I have fallen in the trap of thinking I need to spend time on personal branding too. In fact, I have written a blog post listing tips and a blog post about the reasons why. Most of the blog posts you see written about personal branding focus on social media. I think by now, more and more people realize that social media can come in handy but that they are not real life. The negative consequences that social media and its vanity metrics can have on one’s mental health are highlighted increasingly more. Yes, you can look good on social media, but people do not necessarily buy that self-created image anymore. What can you do as an entrepreneur to keep winning? Two authors have recently argued that no personal branding is required. What a relief. Let’s dive into what they have to say.
No personal branding: it is a meaningless race
Tim Denning starts his article by asking some meaningful questions: “Are you successful, really, because of your brand? Or are you running a race that does not matter and will hold no joy when you are lying on your deathbed, reflecting on your life?” He recommends letting your work stand out for itself and urges you to be useful.
He claims that “personal branding forcefully pushes the focus towards the importance of one’s self rather than placing the attention on the significance of being useful.” Simply being useful is what helps you build an online audience, precisely the goal of personal branding. So, you do not have to act as if you are “the most important thing in the world right now.”
Denning thinks you can be useful by speaking your truth, sharing helpful advice, and bringing the world the entertainment or knowledge that you have. It is okay to be on social media and share things online. Denning simply asks to think about your intent. Try to show up as yourself, find a way to help people, make the objective selfless, and be kind.
He gives the example of people whom most of us admire. “I never heard Oprah or Mark Zuckerberg or Elon Musk talk about personal brands. All those influential people do is show up every day and try and be useful and help incredible amounts of people in the process.”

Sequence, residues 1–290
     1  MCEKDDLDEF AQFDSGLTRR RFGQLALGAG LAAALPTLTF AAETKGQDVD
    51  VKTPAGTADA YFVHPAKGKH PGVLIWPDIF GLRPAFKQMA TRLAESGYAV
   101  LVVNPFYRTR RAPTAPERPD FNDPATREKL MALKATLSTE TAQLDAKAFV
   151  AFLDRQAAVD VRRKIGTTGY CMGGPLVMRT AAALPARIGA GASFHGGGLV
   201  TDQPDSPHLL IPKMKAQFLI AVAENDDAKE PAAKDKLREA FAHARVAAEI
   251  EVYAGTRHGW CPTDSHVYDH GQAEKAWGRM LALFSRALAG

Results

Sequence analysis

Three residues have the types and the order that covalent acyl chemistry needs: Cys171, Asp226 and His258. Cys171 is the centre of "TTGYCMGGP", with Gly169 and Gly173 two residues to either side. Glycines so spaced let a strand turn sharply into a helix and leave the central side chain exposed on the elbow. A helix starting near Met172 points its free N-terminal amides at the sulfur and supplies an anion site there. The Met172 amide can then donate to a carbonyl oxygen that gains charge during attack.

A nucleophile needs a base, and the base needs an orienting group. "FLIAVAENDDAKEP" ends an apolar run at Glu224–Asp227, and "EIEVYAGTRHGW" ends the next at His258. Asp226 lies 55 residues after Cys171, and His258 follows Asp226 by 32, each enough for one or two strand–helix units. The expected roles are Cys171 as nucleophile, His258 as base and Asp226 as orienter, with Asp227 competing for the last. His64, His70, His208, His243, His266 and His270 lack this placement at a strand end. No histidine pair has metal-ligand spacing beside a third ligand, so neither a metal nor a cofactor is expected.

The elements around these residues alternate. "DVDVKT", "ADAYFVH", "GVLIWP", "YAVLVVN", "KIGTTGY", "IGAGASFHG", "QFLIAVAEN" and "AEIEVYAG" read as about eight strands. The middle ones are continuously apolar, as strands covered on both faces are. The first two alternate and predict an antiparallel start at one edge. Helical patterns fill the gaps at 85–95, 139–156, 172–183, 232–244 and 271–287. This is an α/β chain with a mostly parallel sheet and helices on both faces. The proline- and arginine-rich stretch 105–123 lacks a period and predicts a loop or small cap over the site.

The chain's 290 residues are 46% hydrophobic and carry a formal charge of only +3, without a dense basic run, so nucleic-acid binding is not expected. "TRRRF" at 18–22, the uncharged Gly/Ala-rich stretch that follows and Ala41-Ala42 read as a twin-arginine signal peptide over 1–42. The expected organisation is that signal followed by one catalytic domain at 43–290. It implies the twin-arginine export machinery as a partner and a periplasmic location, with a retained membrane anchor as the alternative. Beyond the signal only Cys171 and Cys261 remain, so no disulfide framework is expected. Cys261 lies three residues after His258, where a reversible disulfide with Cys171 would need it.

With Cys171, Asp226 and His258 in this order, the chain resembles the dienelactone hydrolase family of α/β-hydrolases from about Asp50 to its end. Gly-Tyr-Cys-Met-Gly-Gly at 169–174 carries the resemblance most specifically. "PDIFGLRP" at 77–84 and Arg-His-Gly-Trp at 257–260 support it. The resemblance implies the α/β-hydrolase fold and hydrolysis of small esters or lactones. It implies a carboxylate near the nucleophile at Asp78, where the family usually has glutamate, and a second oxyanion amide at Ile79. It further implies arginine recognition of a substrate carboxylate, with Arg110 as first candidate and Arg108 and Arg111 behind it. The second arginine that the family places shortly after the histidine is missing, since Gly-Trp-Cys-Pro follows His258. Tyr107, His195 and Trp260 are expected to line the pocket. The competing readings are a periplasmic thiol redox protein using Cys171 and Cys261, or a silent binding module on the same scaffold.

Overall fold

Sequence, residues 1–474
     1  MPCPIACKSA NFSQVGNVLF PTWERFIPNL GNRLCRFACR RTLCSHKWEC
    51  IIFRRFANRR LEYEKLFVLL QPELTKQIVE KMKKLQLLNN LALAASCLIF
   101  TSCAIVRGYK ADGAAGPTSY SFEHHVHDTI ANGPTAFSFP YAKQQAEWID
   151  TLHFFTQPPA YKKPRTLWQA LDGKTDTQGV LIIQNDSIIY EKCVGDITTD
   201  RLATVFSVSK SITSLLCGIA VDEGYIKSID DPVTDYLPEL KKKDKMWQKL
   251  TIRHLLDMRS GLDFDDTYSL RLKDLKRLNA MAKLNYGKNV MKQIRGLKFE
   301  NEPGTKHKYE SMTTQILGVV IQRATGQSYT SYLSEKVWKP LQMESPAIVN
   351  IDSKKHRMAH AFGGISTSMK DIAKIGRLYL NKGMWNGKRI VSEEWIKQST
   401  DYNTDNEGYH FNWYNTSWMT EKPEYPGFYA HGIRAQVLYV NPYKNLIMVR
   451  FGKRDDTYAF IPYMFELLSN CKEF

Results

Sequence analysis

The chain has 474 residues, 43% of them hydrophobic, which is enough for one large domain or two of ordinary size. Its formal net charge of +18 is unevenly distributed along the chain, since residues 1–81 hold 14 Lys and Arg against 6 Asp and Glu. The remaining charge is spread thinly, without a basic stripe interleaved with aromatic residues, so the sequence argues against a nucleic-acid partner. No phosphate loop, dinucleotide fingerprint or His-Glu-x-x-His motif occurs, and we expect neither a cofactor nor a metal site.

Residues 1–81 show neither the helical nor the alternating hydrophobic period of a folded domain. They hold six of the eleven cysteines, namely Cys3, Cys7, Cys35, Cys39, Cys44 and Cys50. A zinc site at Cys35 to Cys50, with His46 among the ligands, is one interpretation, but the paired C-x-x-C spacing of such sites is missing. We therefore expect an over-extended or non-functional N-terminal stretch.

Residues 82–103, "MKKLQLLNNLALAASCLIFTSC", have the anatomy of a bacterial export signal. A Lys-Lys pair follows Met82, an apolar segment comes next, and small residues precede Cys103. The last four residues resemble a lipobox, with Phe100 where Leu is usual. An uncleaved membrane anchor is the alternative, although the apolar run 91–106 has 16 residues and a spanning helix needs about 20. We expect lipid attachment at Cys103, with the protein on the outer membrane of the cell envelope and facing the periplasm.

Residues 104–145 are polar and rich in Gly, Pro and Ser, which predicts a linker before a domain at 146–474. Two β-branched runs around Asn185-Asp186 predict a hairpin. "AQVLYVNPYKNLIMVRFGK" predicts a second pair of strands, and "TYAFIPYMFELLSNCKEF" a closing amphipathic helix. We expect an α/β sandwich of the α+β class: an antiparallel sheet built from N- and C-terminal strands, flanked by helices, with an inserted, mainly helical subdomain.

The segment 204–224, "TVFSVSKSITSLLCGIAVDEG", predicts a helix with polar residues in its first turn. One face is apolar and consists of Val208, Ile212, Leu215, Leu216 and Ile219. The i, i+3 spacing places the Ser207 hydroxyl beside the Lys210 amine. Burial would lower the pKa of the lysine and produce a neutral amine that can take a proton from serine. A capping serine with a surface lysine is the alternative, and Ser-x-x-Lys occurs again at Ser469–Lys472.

Think about your mental health
Denning also worries about your mental health if you are trying to build your personal brand. According to him, personal branding creates a fear of missing out. “You end up comparing your brand to the next person’s and spending stupid amounts of time on the various social media platforms engaging, posting content, and still feeling you are not posting enough or that you are not enough.”
I have to agree with him that “there is more to life than social media, likes, brands, followers” and that they have “nothing to do with your joy or fulfillment.”
No personal branding: be useful and give
William Arruda agrees with Denning that you have to be useful. He just calls it giving. “Personal branding is about how you deliver value to others. […] There is one technique that will help you build a strong and compelling personal brand: GIVE.”
There are two reasons you should be giving, Arruda believes. The first reason is that giving might be “the most powerful way to become known for all the right reasons.” The second reason is that “when you are giving to others, you build your confidence and feel great about yourself.” That sounds better than the FOMO social media can give you, right?
How to give as an entrepreneur
Arruda lists ways to use giving to build your brand. That still sounds like self-interest is the first intent, but let’s see how you can give as an entrepreneur.
- Share knowledge
Sharing your expertise with others helps them become successful, and at the same time, you can demonstrate how smart you are.
- Give advice
Provide guidance that will help people around you get unstuck or increase their efficiency.
- Provide real-time support
When you show people that you have their back and are willing to pitch in, you build lasting trust and loyalty.
- Acknowledge others
When you acknowledge people in front of others, they get an extra boost by being recognized in front of their peers, and you demonstrate that you are an appreciative team player.
- Include others
Find ways to include others in some of your projects, such as conferences or whitepapers, so you can help them build their brand.
- Provide feedback
Feedback helps us refine what we do and become more accomplished. Feedback also helps us identify what we are good at, so we can do more of it.
- Be a mentor
Being a mentor means you are committing to the success of someone else. You are sharing the experience you gained to help others excel more rapidly.